What is a Flexitarian Diet? What They Can or Can’t Eat?

All over the world, people are changing their diets to help protect the planet, animals, and their health. Vegans eat no animal products at all; vegetarians eat no meat but will have eggs and dairy; but what about flexitarians? 

What Is a Flexitarian?

A flexitarian is someone who predominantly eats a plant-based diet but may have fish, meat, dairy, or eggs occasionally.

What Is a Flexitarian Diet?

A flexitarian diet consists largely of plant-based foods chosen from the wealth of fruits and vegetables, nuts, seeds, grains, herbs, salads, and all the dedicated meat-free and dairy-free products such as sausages, oat milk, soya yoghurts, and more. However, a flexitarian diet is not 100% plant-based, as flexitarians eat animal products occasionally.

What Are Flexitarian Health Benefits?

All processed meats cause cancer, and all red meats are “probably carcinogenic” too, so when we cut down on those foods, we reduce the risks of some cancers. Plus, animal products tend to contain higher levels of saturated fats, while only animal products contain cholesterol. When we prioritise healthy plant-based foods, there are many positive health benefits.

Heart Disease

A 2022 scientific review of the evidence on plant-based diets and heart disease concluded: “The advantages of a whole food plant-based diet can never be overemphasized. It has been studied extensively in this work and has been found to be of great benefit to improving outcomes in people with CVD [cardiovascular disease] and reducing the markers in people at risk of developing it. A slow steady progression to a generalized plant-based lifestyle might just be the key to reducing the incidence of CVD and improving outcomes for those already afflicted.”


A review of six studies that looked at semi-vegetarian (flexitarian) diets and diabetes found a positive correlation between health and eating little or no animal products. One study found that diabetes prevalence was lowest in vegans (2.9%), middling in flexitarians (4.8%) and highest in those who eat animal products (7.6%).


There are many kinds of cancer, and diet appears to impact many of them, including stomach, bowel, mouth, and lung. Research suggests that vegans have the lowest rate of breast cancer, while for prostate cancer being vegan is better than being flexitarian, which is better than eating animal products regularly.

What Are the Downsides of a Flexitarian Diet?

The main downside is that there is no definition of a flexitarian, which makes it hard to know if we are one at all! It can be easy to think you are reducing your consumption of animal products when really, the amount is creeping back up, and you are actually an omnivore, not a flexitarian. To us, being a flexitarian means sticking to at least five plant-based days a week, every week.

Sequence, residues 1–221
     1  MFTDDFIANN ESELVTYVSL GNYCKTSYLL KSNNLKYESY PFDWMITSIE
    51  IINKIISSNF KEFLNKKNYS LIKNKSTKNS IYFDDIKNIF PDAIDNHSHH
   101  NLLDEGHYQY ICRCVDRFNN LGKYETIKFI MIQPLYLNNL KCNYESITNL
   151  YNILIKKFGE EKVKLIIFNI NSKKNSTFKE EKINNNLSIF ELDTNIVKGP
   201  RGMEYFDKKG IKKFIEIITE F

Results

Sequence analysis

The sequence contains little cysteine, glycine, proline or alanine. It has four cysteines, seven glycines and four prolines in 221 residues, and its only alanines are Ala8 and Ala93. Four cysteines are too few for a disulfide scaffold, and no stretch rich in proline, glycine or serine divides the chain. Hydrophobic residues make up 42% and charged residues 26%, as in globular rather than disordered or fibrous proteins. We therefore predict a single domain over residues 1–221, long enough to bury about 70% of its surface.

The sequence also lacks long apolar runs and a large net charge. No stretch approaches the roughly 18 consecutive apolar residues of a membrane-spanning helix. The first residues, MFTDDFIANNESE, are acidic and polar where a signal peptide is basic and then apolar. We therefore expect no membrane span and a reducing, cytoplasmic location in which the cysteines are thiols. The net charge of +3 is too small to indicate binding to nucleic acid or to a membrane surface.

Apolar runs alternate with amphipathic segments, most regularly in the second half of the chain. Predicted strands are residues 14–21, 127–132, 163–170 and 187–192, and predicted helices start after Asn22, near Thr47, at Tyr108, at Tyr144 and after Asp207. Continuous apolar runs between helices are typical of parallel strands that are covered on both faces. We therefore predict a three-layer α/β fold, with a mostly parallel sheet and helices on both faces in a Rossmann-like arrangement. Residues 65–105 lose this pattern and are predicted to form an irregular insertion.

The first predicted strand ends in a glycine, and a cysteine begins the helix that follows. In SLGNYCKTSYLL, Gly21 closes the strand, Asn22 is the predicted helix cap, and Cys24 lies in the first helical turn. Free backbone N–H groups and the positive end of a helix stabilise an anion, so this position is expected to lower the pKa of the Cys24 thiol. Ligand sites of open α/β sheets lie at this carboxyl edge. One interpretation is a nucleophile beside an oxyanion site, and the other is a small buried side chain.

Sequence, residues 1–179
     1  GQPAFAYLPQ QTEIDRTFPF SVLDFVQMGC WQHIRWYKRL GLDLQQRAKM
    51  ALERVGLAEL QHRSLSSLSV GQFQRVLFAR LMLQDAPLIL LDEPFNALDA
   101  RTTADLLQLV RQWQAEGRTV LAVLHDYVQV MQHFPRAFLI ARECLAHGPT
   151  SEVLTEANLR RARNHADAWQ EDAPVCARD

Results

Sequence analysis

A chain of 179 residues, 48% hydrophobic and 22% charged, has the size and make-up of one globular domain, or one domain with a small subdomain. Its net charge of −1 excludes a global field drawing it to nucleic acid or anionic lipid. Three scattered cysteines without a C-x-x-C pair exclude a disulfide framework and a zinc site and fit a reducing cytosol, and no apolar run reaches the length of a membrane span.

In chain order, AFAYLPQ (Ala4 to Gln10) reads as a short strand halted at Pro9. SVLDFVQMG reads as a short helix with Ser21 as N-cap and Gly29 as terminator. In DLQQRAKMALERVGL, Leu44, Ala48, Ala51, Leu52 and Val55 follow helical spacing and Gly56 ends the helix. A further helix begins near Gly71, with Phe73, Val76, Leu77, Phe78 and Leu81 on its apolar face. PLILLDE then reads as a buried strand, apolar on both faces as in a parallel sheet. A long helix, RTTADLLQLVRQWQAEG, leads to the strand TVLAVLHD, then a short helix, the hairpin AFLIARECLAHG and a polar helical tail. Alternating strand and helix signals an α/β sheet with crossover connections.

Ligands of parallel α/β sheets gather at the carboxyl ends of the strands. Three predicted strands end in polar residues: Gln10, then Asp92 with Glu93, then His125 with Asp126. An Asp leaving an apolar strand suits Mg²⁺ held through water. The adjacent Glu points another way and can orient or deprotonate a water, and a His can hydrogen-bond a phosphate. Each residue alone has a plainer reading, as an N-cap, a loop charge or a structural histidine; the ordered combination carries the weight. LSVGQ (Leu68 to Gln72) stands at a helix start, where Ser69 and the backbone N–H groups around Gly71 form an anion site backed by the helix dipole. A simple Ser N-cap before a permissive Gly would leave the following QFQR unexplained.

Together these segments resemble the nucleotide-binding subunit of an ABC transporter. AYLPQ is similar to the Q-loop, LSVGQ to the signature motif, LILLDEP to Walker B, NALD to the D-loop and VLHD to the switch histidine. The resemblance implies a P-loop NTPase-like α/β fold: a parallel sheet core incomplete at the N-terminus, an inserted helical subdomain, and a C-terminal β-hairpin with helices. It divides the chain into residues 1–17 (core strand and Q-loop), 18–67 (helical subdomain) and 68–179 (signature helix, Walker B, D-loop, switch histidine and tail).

What Does a Flexitarian Eat?

Flexitarians eat a predominantly plant-based diet with the occasional meat, egg or dairy product. As most foods have a vegan alternative readily available, flexitarians would choose this option most of the time. Their meals would include pasta dishes, pizzas, curries, stews, stir-fries, burgers, pies, casseroles, salads, grain-based dishes and lots more. All these can be made plant-based very easily with no loss of flavour or enjoyment.

Do Flexitarians Eat Dairy?

Sometimes, but more often they would choose from the range of delicious plant-based milks, creams, cheese, ice creams and yoghurts available. These give all the flavour and enjoyment without the animal suffering, pollution, and climate impact.

What Can’t a Flexitarian Eat?

They can eat whatever they like, it’s just the frequency of eating animal products that defines whether they are flexitarian or not. 

How Often Do Flexitarians Eat Meat?

That depends. Some people call themselves flexitarian but eat meat regularly. A true flexitarian, however, limits their meat consumption, and would eat it no more than twice a week.

Flexitarian Meal Plan

Day 1

Breakfast: Cinnamon toast and coffee

Lunch: Vegan sushi

Dinner: Spaghetti Bolognese, made with soya mince or lentils

Day 2

Breakfast: Fresh fruit with yoghurt (dairy or non-dairy)

Lunch: Bean and kale soup with toast

Dinner: Vegan coconut curry with rice

Day 3

Breakfast: Overnight oats with blueberries

Lunch: Vegan fried chick*n

Dinner: Bean and root vegetable stew with dumplings

Day 4

Breakfast: Veggie sausage sandwich

Lunch: Superfood salad

Dinner: Pizza with a choice of toppings – either vegan, veggie, or non-veggie

Day 5

Breakfast: Cereal and milk (dairy or non-dairy)

Lunch: Three bean wrap

Dinner: Roasted tofu and vegetables with a tahini sauce

Day 6

Breakfast: Vegan apple pancakes 

Lunch: Bean burritos

Dinner: Veggie sausages, mashed potatoes, veggies and gravy

Day 7

Breakfast: Bagels and vegan cream cheese

Lunch: Baguette with roasted vegetables and hummus 

Dinner: Dal, rice and a big green salad


Eating as a flexitarian goes a long way to protecting the planet, limiting climate breakdown, and preventing the suffering of farmed animals. We salute flexitarians, and everyone who actively seeks out plant-based options, even if they are not ready to choose 100% vegan.

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